Silent City by Alex Segura is the first book in a new series about reporter-turned-P.I., Pete Fernandez (available October 29, 2013).
It takes a hard man to become a private investigator. Raymond Chandler's Phillip Marlowe investigated crimes for the Los Angeles' D.A.'s Office before he went into business for himself. Robert B. Parker's Spenser was a soldier, a boxer, and a state trooper before he became a gumshoe. And before Robert Crais' Elvis Cole became the self-proclaimed “World's Greatest Detective,” he was an army ranger.
So, is a guy who makes his living editing the sports section of a Miami news paper cut out to be a private detective? In his debut novel, Silent City, former Archie Comics writer Alex Segura makes a fun and compelling argument for the idea of a journalist turned private detective.
Private Detectives are often rumpled, burned-out, disillusioned, and hung over figures, especially when we first meet them. Pete Fernandez, the protagonist of Silent City, isn't a private detective when the novel begins, but he certainly is disheveled and hung over:
The bright red numbers on the nightstand stood out in the darkness of Pete Fernandez’s bedroom. Some sunlight crept into the space created by his hastily drawn blinds. 2:30 in the afternoon. Pete groaned as his bloodshot eyes scanned the room. Clothes scattered on the floor. Mail strewn at his feet on the bed. Pete’s black messenger bag tossed near the door. He covered his eyes with his palm. The throbbing in his forehead was bad.
Of course, the literary private detective usually has his for reasons exhibiting such behavior. It's often because he's haunted. Pete Fernandez has a large number of personal demons that he's wrestling with. 1) He's trapped in a job that he doesn't care for. 2) He hasn't fully gotten over the death of his father—a police officer who raised him as a single parent. 3) Worst of all, Pete's tormented by the memory of his relationship with Emily, his former fiancée who married someone else and with whom he's now trying to be friends. Here, he reminisces about the day she left:
She walked to the cab, dropped the remaining bags in the trunk and got in the car. Pete remembered walking up to her window. She didn’t lower it. She was looking straight ahead. He rapped his fingers on the window. Nothing. She looked back at him for a fleeting moment and then the cab was moving. Pete was tempted to chase after her, like in the movies. All that he had left, though, was dust.
The memory disappeared as quickly as it had popped into his head. Pete made himself cough in an effort to explain away his red eyes to anyone that cared.
Like many tormented detectives, Pete has turned to booze to help him manage his demons, but then one day, a co-worker enlists him for a job. The job is to find his co-worker's missing daughter, and it reawakens a desire and knack for uncovering the truth that Pete thought he had misplaced. This job will turn his world upside-down, put him in a heap of danger, and perhaps give him a new sense of purpose.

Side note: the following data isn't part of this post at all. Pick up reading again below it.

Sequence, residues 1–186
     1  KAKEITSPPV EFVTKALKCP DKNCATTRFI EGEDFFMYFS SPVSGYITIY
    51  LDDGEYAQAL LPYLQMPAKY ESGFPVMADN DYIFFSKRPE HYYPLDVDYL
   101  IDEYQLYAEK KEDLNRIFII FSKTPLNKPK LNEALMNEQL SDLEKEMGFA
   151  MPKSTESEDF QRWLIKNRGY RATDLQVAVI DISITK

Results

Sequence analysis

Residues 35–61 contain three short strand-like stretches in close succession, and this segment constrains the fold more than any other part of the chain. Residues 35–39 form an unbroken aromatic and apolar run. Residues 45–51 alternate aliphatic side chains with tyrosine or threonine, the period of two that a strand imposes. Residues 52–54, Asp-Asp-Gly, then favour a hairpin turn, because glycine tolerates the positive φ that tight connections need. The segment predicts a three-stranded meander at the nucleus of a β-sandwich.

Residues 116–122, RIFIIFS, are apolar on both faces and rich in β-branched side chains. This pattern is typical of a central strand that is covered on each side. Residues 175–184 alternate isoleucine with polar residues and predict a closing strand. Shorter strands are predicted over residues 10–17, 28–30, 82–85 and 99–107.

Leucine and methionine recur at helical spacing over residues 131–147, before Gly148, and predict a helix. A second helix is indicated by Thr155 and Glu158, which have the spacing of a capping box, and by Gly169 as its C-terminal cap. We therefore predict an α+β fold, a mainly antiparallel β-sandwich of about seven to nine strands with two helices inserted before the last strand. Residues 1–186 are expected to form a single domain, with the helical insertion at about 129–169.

Taking cases leads a private detective to confrontations with dangerous enemies. A classic antagonist is rich, powerful, and untouchable by the law because of political clout, fear of violence, or both. In Silent City, the adversary is a seemingly mythical underworld hitman known as the Silent Death.
The story went on, outlining the history of the Silent Death. A black-suited killer who wore a black mask and only appeared at night, the Silent Death was responsible for a string of murders dating as far back as seven years. His influence, in addition to aiding and colluding with gangs across the state, cast a shadow over the only force entrusted to bring him in, the Miami Police Department. Through a combination of payoffs and actual murders, the Silent Death had made himself immune to investigation and thus to arrest. Kathy noted in her text that over 60 percent of the force was actively taking money from either the Silent Death or Miami gangs who regularly employed him as a hitman.
Battling powerful adversaries like the Silent Death also means attracting the attention of law enforcement. Sometimes, the cops that are drawn into a detective's orbit will help them, and sometimes hinder. For Spenser, it was Martin Quirk. For Mike Hammer, it was Pat Chambers, and for Pete Fernandez, it's his father's old partner, Detective Carlos Broche:
“Just go,” Broche said. He seemed dejected, slumped in his chair, no longer looking at Pete. “Do exactly what I told you and never involve yourself in police business again. Do not mention anything about this story you say she’s working on. You’re putting yourself and everyone around you at risk, even if you’re talking bullshit. You’re not helping, even if you think you’re smarter than everyone else. You’re not. Not when it comes to this.”
Broche is just one of a handful of a cast of eclectic characters that becomes embroiled in Pete's investigation into the Silent Death. Watching that investigation unfold and seeing how it impacts Pete is part of the fun of Silent City, which is both a classic and a unique detective novel. It's a classic tale in that it has many of the hallmarks that make private detective stories so enjoyable. What makes the novel unique though is that it's essentially an origin story. In most private detective tales, the hero is already in business for himself, but in Silent City, Segura gives readers the story of how a haunted, broken-down, alcoholic journalist is transformed into a private detective and it's a pretty powerful and exciting tale.
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